At some point in your law school, you will be introduced to the IRAC method, especially when you are assigned a law assignment. The IRAC stands for Issue, Rule, Application, and Conclusion and considered as a foundation for legal writing. More importantly, legal writing requires the writer to analyse a set of facts by using legal rules that are gleaned from a myriad of sources such as statutes, cases, and secondary data. Unlike the non-legal writing, it has its own particular structure and parameters that you have to comply in your law assignments.
All lawyers write in the same manner with the help of laying out the issue to be discussed by following the legal rule relevant to the issue as well as the analysis of the pertinent facts based on that rule. They call it Issue, Rule, Application, Conclusion (IRAC), Conclusion, Rule, Application, Conclusion (CARC), or Conclusion, Rule, Explanation, Application, Conclusion (CREAC).
In spite of the fact that this may sound palling at first, it will quickly become the second nature. Below is a guide by our law assignment writing services providers on how you can structure a legal argument with the help of IRAC.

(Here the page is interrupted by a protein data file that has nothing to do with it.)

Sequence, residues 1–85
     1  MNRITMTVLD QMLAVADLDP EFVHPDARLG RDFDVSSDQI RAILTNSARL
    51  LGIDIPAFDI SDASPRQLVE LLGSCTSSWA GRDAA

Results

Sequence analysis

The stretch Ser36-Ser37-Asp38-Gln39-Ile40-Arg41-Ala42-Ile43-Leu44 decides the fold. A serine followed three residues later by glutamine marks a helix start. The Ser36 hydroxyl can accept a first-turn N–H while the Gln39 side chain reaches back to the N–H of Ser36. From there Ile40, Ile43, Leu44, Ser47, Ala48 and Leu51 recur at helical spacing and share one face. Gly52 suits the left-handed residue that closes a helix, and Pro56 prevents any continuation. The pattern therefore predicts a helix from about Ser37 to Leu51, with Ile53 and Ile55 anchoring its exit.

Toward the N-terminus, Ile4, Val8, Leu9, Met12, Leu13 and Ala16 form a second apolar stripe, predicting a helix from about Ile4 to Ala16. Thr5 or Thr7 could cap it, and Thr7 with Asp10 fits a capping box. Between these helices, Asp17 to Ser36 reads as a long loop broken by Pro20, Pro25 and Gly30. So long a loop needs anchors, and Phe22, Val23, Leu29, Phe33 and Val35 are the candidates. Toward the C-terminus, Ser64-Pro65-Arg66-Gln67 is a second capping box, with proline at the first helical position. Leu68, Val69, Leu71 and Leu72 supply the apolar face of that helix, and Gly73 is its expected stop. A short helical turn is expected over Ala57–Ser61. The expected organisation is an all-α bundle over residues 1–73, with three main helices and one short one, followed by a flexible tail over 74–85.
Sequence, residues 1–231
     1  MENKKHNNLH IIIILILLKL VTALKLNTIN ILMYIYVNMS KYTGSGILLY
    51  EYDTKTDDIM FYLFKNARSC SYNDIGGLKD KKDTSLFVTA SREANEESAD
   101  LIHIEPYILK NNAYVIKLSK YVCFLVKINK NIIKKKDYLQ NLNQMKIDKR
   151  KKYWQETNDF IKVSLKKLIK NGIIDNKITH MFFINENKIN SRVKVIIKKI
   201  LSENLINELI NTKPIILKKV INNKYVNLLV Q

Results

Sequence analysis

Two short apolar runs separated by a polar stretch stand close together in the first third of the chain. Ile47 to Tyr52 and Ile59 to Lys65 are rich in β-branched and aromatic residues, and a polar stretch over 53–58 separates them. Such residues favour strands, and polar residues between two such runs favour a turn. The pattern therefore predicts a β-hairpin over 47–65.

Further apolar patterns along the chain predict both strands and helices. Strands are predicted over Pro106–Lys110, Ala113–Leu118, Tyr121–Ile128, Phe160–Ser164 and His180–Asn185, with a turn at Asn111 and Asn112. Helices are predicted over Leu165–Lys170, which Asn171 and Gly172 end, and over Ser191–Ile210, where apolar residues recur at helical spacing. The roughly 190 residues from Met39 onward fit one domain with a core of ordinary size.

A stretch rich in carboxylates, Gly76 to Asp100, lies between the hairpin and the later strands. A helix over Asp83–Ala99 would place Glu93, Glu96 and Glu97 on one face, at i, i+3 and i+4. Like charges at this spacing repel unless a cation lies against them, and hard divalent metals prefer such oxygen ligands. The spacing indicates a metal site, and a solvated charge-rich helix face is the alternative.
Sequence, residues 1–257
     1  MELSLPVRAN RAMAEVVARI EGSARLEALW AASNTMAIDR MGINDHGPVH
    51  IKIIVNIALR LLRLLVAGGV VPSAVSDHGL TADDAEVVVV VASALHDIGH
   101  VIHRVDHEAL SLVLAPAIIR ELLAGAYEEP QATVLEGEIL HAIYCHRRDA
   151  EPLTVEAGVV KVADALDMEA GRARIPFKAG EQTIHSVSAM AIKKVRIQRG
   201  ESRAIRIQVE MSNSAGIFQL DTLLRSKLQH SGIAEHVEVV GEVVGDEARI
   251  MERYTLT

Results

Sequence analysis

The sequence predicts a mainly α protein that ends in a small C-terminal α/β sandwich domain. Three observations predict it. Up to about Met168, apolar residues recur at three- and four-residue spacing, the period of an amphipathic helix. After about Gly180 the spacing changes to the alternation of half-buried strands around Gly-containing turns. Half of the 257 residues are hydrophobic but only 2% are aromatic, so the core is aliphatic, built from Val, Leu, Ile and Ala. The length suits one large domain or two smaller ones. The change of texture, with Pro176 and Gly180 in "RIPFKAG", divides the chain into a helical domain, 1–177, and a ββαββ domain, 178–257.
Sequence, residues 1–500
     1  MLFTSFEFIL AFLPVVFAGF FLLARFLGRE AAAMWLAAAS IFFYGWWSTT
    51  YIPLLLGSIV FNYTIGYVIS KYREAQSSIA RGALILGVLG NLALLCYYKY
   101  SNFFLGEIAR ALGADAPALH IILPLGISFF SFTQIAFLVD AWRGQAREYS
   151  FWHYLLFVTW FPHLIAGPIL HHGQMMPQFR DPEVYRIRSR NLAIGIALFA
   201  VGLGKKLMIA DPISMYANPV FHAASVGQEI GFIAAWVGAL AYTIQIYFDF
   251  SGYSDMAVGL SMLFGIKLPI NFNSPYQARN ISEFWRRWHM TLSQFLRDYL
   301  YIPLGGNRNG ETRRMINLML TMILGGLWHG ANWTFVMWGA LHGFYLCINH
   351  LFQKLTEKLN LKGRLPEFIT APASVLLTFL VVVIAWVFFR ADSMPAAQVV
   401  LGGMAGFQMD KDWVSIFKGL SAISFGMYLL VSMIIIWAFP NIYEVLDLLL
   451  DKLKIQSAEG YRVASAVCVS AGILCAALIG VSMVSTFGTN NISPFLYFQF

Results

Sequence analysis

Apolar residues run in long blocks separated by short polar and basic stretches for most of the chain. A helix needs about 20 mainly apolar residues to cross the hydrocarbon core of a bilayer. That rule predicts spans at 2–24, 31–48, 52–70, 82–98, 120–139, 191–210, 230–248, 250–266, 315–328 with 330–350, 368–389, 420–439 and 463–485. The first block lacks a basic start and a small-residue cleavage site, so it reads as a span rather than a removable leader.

Where to Use?
Most often the IRAC is used after the section of facts, such as “discussion section”, “your argument” or “memo section” of your brief. Every legal topic has its particular structure of IRAC under a separate sub-heading.
For instance, an affirmative defence and a necessary element of a claim would each receive their own complete, independent IRAC discussions.
How to Use?
A fully synthesised IRAC will allow you to move towards the case with the help of governing law and final conclusion. For instance, your client is from England and he is getting divorced. His wife argues that he did not reasonably and fairly disclose his property that is required by the “England and wales Law” because his disclosure stated his overall assets inaccurately. In a memo, you may analyse this concern by following the IRAC structure defined below.
Issue: This will be the topic of the case.
Rule: Here you will put the appropriate rule/legislation such as “Friezo v. Friezo, 914 A.2d 533, 545 (Conn. 2007)” in this case.
Analysis: Here you will interpret the evidence.
Conclusion: Here you will reconnect this point to your research and provide a final verdict based on the rules and facts.
The aforementioned is an in-depth guide on “IRAC method” and its use. Hopefully, the article provides you the enough information on the subject and would enable you to understand it from every aspect.
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